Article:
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STATE OF PUNJAB. versus BAKHSHISH SINGH

High Court of Punjab and Haryana, Chandigarh

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State of Punjab. v. Bakhshish Singh - CRM-463-MA-2006 [2007] RD-P&H 232 (11 January 2007)

IN THE HIGH COURT OF PUNJAB AND HARYANA AT CHANDIGARH.

Criminal Misc. No.463-MA of 2006

Date of decision: 15.01.2007

State of Punjab.

-----Appellant.

Vs.

Bakhshish Singh

-----Respondent.

CORAM:- HON'BLE MR JUSTICE ADARSH KUMAR GOEL
HON'BLE MR JUSTICE H.S. BHALLA

Present: Mr. K.S. Boparai, Addl. A.G., Punjab.

for the appellant.

-----

Adarsh Kumar Goel, J.

This application has been filed by the State of Punjab, questioning the acquittal of the respondent of the charges under Sections 323/324/326/34 IPC.

FIR was recorded on the statement of Noratta Singh son of Kishan Singh, made before ASI Ram Kishan on 02.07.1998 at 11.55 P.M. at Civil Hospital, Kurali, that at 8 P.M. when he along with one Bhajan Singh son of Basant Singh were present in Village Kalewal, Daljit Singh, Binder Singh and Bakhshish Singh assaulted them with their sticks. They were taken to the hospital by Randhir Singh and Satwinder Singh. After investigation, all the three accused were challenged. Daljit Singh and Binder Singh were declared proclaimed offenders. The trial proceeded only against Bakhshish Singh. The prosecution apart from Noratta Singh, PW-4, examined injured Bhajan Singh, PW-5, medical evidence and the Investigating Officer.

The accused denied the allegations and stated that a criminal case was pending against injured Bhajan Singh and his son and that he was not present in the village on the date of occurrence. The accused also produced Criminal Misc. No.463-MA of 2006

Exh.D-1, copy of judgment, by which appeal of Bhajan Singh was dismissed against conviction, wherein Bakhshish Singh had appeared as DW-2. The trial Court convicted Bakhshish Singh, respondent under Sections 323/325/34 IPC and sentenced him to undergo RI for 2 years and to pay a fine of Rs.500/-. On appeal, the respondent has been acquitted. The appellate Court based the conviction on the following observations:- i) Noratta Singh did not support the prosecution story and resiled from the version given in the FIR.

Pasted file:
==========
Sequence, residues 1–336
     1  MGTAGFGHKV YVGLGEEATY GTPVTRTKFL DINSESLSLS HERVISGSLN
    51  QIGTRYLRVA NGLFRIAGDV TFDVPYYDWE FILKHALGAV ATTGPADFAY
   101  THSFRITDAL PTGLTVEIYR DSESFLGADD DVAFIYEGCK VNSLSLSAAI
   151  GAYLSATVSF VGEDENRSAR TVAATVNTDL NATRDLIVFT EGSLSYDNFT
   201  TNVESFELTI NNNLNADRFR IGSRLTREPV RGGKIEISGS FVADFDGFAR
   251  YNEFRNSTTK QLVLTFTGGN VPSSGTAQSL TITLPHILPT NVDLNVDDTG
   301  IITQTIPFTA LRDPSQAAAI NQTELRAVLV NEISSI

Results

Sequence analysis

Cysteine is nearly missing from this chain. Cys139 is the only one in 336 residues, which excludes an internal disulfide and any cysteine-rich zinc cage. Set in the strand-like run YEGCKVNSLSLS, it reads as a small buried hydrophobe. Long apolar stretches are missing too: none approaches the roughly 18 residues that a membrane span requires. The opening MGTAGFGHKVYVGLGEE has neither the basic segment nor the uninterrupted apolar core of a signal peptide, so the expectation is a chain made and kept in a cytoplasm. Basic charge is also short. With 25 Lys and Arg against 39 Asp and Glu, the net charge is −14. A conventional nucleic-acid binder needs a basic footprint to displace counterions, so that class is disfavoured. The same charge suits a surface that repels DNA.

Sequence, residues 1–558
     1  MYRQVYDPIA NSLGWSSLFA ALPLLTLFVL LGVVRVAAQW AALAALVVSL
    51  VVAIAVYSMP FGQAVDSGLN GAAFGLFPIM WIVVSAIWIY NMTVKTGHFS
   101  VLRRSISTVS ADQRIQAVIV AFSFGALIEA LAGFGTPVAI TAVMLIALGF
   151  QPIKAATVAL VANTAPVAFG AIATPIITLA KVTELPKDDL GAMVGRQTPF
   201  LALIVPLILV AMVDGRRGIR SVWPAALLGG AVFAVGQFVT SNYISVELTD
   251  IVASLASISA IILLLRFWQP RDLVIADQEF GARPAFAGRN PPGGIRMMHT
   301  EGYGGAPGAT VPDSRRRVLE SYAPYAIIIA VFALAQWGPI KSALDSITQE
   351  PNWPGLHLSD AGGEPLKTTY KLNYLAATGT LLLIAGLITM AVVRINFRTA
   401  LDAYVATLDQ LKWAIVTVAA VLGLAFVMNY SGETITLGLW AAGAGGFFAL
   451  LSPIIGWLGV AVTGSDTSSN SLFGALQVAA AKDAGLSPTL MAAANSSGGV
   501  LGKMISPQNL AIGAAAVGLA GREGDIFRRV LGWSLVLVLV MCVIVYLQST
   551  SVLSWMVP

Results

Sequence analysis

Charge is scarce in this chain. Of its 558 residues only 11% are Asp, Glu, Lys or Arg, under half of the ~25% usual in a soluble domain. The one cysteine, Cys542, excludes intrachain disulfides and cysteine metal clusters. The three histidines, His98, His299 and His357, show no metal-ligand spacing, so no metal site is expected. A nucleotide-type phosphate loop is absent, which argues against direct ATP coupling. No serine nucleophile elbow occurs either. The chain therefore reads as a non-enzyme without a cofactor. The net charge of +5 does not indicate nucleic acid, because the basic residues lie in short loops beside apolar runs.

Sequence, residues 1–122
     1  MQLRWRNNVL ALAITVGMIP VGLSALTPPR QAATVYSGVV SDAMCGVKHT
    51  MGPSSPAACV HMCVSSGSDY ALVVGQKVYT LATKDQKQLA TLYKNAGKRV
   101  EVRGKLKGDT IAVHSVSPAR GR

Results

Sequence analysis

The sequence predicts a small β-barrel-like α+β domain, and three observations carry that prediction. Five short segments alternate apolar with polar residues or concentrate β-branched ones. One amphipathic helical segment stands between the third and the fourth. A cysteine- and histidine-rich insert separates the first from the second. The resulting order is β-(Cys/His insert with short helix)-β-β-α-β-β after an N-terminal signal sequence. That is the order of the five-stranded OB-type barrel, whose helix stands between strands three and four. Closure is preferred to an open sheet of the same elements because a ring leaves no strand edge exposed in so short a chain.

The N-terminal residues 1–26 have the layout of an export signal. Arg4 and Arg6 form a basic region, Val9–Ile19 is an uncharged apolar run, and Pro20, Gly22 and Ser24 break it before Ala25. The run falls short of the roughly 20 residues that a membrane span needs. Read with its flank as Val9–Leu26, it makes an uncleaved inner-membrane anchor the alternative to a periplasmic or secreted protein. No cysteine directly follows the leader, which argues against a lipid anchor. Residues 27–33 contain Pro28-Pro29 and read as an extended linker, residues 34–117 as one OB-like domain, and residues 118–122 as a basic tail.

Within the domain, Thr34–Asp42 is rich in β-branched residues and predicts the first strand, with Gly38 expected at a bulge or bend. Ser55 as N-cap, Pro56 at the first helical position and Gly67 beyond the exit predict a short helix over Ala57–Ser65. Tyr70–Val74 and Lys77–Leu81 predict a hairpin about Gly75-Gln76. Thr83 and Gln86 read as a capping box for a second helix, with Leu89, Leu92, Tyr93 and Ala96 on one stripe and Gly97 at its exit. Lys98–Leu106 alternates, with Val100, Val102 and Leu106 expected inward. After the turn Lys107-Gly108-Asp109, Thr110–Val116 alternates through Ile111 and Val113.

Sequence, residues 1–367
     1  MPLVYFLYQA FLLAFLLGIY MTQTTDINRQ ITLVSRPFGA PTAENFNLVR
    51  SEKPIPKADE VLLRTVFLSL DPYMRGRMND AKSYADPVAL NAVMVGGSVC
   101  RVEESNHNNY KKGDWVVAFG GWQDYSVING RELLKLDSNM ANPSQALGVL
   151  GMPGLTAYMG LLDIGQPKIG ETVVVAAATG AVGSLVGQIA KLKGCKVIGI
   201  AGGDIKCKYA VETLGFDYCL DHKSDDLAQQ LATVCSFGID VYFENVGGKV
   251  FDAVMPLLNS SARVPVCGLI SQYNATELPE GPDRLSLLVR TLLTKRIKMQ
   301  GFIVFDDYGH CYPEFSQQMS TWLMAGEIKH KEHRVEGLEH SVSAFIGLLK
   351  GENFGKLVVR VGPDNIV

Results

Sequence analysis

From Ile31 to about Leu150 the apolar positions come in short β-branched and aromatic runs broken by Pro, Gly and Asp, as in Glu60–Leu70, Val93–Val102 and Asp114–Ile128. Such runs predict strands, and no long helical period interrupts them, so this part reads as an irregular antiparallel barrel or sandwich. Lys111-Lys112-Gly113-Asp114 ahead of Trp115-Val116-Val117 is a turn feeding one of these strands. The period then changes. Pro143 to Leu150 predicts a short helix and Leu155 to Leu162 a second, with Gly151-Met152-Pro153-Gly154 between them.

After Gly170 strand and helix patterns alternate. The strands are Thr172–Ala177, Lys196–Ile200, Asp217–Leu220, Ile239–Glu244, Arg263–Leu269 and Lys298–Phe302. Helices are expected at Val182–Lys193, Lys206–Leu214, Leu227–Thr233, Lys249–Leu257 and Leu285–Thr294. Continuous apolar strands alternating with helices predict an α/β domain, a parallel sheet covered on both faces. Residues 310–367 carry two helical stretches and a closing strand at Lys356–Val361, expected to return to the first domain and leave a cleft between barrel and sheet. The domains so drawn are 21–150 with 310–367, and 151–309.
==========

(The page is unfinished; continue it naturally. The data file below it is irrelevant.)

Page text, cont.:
ii) Version given by Bhajan Singh in Court suffered from material discrepancies with his earlier statement and was also contradicted by the version given by Noratta Singh. There are different versions about the weapon used.

iii) There was previous enmity between the parties and Bhajan Singh and his sons were convicted, wherein the respondent appeared as witness and thus, the version of Bhajan Singh was not reliable.

We have heard learned counsel for the State and perused the record.

The findings recorded by the trial Court cannot be held to be unreasonable or perverse. Noratta Singh resiled from his earlier version and version given by Bhajan Singh suffered from material discrepancies creating a doubt about his reliability. Even if two views are possible, order of acquittal is not liable to be interfered. The parameters for interfering with the order of acquittal are well-known. Reference may be made to a recent judgment of the Hon'ble Supreme Court in Jaswant Singh v. State of Haryana, AIR 2000 SC 1833, wherein it was observed:-

"21. The principle to be followed by appellate courts considering an appeal against an order of acquittal is to interfere only when there are compelling and substantial reasons for doing so. If the order is Pag

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Criminal Misc. No.463-MA of 2006

clearly unreasonable it is a compelling reason for interference (see Shivaji Sahabrao Bobade v. State of Maharashtra, (1973) 2 SCC 793: AIR 1973 SC 2622: (1973 Cri LJ 1783)). The principle was elucidated in Ramesh Babulal Doshi v. State of Gujarat, (1996) 9 SCC 225: 1996 AIR SCW 2438: AIR 1996 SC 2035 (1996 Cri LJ 2867):

"While sitting in judgment over an acquittal the appellate court is first required to seek an answer to the question whether the findings of the trial court are palpably wrong, manifestly erroneous or demonstrably unsustainable. If the appellate court answers the above question in the negative the order of acquittal is not to be disturbed. Conversely, if the appellate court holds, for reasons to be recorded, that the order of acquittal cannot at all be sustained in view of any of the above infirmities it can then and then only reappraise the evidence to arrive at its own conclusions." In view of above, we do not find any ground to grant leave to appeal.

The application is dismissed.

( ADARSH KUMAR GOEL )

JUDGE

January 15, 2007 ( H.S. BHALLA )

ashwani JUDGE

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